At this point, we've all seen way too many nauseatingly shaky GoPro videos. And while the electronic image stabilization in the new Hero5 cameras helps, it doesn't compare to the results you get with the Karma Grip.
The Grip is the camera stabilizer found on the company's the Karma Grip for shooting on the ground for $300, AU$460 and £250. It's expensive, but it's actually in line with similar 3-axis gimbals and GoPro's is way more flexible.drone plus the battery-powered handheld mount that's bundled with the drone. You can now get just
The stabilizer is ready to use with the Hero5 Black, but a $30 harness is available for the Hero4 Silver and Black and one for the Hero5 Session arrives in 2017. Since the Grip connects directly to the camera's USB-C and Micro-HDMI ports on its side, the two are completely integrated to give you both control and power from the handle.
On the handle you get buttons for power and changing shooting modes, adding highlight tags to your videos, starting and stopping recordings as well as a tilt-lock button that also gives you battery status. Normally the camera stays pointed forward regardless of how you hold the handle, but pressing the tilt-lock lets you aim the camera above or below the horizon and keep it at that angle. Double tapping it will lock the camera to follow a subject, so you can move around someone while keeping them framed in your shot.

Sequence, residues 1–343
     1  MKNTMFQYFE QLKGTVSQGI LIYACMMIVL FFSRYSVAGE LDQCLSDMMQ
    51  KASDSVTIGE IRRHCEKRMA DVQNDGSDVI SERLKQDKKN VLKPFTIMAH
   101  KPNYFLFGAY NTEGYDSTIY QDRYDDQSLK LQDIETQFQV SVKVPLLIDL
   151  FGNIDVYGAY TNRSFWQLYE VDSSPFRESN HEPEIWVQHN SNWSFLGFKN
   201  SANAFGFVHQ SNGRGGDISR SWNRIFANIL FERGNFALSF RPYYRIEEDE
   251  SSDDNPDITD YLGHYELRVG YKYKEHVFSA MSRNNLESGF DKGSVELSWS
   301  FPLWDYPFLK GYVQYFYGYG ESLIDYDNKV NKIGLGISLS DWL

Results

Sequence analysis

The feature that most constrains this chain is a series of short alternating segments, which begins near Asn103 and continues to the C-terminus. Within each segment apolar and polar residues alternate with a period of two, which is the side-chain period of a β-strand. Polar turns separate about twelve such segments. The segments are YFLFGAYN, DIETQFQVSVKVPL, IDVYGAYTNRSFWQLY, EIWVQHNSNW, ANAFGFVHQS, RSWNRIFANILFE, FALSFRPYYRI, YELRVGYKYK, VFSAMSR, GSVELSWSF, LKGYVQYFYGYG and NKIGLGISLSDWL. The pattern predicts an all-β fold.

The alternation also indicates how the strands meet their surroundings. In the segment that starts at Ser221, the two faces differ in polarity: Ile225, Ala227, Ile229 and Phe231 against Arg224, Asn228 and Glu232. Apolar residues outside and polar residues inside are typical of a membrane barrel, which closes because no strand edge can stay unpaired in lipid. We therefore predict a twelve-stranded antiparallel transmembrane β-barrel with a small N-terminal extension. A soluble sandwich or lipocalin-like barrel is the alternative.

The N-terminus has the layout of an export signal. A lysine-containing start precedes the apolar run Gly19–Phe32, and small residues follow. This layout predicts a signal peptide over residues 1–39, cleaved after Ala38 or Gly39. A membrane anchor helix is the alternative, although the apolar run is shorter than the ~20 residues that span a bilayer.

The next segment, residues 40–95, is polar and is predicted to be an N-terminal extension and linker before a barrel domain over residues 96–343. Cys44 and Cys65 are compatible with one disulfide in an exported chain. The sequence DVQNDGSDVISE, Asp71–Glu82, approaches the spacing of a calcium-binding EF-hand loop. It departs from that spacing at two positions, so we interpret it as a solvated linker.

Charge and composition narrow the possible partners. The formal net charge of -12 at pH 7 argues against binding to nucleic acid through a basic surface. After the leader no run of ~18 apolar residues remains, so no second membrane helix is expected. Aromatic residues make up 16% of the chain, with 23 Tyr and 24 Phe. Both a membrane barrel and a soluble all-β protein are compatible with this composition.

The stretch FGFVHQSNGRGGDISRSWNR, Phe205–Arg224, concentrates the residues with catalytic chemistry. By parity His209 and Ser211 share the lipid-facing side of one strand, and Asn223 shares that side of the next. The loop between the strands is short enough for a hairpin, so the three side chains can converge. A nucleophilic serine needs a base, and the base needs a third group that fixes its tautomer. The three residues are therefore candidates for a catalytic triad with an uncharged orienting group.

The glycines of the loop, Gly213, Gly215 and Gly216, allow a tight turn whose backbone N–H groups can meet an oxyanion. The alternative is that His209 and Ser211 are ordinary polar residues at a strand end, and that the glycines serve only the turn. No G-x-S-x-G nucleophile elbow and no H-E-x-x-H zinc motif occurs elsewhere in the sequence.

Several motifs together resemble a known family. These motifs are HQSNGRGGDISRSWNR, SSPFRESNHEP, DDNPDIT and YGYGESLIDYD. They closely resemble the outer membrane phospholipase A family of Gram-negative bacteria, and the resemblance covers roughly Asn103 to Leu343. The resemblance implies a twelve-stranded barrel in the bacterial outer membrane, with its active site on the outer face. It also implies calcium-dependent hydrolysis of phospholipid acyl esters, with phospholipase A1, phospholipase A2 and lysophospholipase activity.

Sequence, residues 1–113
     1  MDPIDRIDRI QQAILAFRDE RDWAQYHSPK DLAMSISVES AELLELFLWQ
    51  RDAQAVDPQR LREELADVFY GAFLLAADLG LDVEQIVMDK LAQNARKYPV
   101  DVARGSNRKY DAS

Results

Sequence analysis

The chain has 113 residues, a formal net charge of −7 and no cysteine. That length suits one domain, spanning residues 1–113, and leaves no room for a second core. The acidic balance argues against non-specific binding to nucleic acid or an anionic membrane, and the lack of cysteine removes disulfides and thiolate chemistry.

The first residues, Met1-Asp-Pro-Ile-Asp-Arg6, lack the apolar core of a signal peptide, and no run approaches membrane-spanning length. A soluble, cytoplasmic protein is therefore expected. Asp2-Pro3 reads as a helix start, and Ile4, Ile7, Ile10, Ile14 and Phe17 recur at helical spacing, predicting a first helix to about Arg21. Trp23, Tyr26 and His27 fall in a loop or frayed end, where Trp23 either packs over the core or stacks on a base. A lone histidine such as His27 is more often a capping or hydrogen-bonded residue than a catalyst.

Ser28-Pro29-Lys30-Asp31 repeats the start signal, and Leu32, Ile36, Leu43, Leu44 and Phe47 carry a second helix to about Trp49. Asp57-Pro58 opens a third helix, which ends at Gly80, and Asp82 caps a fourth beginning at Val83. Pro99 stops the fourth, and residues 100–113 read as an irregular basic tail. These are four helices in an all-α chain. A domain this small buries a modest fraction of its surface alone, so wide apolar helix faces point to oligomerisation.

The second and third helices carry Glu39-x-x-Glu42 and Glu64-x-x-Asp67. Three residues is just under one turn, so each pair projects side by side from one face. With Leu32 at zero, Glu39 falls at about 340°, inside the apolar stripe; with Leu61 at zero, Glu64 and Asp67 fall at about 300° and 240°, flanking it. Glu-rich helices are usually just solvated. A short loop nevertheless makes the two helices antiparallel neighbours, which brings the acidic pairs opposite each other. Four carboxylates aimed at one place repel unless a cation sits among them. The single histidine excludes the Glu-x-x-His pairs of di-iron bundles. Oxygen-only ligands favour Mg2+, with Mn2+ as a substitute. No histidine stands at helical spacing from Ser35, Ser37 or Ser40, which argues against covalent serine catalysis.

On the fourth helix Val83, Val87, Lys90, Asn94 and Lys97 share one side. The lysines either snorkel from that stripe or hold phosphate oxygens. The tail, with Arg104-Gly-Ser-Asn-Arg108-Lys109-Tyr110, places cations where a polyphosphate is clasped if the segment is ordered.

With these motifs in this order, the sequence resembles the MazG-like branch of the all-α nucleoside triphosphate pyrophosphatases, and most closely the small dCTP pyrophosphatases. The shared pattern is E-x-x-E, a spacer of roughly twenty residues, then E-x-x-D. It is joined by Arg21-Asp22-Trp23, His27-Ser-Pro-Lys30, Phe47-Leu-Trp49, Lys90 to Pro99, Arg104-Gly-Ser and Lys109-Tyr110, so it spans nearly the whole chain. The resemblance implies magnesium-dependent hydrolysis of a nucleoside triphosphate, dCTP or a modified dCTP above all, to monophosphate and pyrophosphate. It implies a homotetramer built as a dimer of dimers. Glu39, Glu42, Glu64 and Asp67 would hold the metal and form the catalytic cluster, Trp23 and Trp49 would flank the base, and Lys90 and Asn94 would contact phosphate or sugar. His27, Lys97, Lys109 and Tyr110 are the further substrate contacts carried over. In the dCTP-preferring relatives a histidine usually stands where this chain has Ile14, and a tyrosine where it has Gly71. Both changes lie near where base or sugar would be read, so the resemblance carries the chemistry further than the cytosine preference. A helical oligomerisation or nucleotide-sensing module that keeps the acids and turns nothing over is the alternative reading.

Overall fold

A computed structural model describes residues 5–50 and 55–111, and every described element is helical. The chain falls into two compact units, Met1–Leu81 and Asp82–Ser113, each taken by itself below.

There are no pan or tilt controls, though. The Grip also can't stand on its own and there's no tripod mount on the handle itself. Instead, GoPro includes a mounting ring that slips in between the handle and the stabilizer sections. The metal collar can attach to any GoPro mount or any other third-party mounts out there that use GoPro connectors.
Going a step further, GoPro will have an extension cable that connects between the stabilizer and handle. This way, you'll be able to mount the stabilizer on a helmet, for example, while mounting the handle on your body or backpack for power and control.
The Grip has a built-in rechargeable battery rated for up to one hour and 45 minutes of use and takes six hours to fully power up with a 1-amp charger. That is crazy long considering it's a non-removable battery, but GoPro offers a fast charger that promises to cut that time down to just under two hours. A USB-C port is used for charging the Grip and the camera, but can also transfer your shots without removing the camera.
The results speak for themselves. In the clip above, I mounted the Karma Grip with a Hero5 Black on the left strap of GoPro's Seeker backpack. On the right, I attached a Hero5 Black directly to the right strap. Other than some slight movement when I rode over bumps, the video from the Grip is perfectly smooth and stays pointed forward.
The camera's electronic image stabilization would have helped some (I didn't have it on), but you have to drop the resolution to at least 2.7K and record at no more than 60 frames per second to use EIS. With the Karma Grip, you can set the camera's resolution and frame rate to whatever you want.
Motor noise will get picked up by the camera's mics, which you can't hear in this scene over the traffic, but in very quiet shots you'll hear it. It's something I've experienced with all small stabilizers like this where the camera (be it GoPro, phone or otherwise) is mounted right next to the motors.
A good motorized stabilizer like the Karma Grip makes a huge difference in your results and makes GoPro's cameras that much more useful regardless of what you're recording. There are other GoPro gimbals out there, but this one adds some versatility the company's cameras are known for.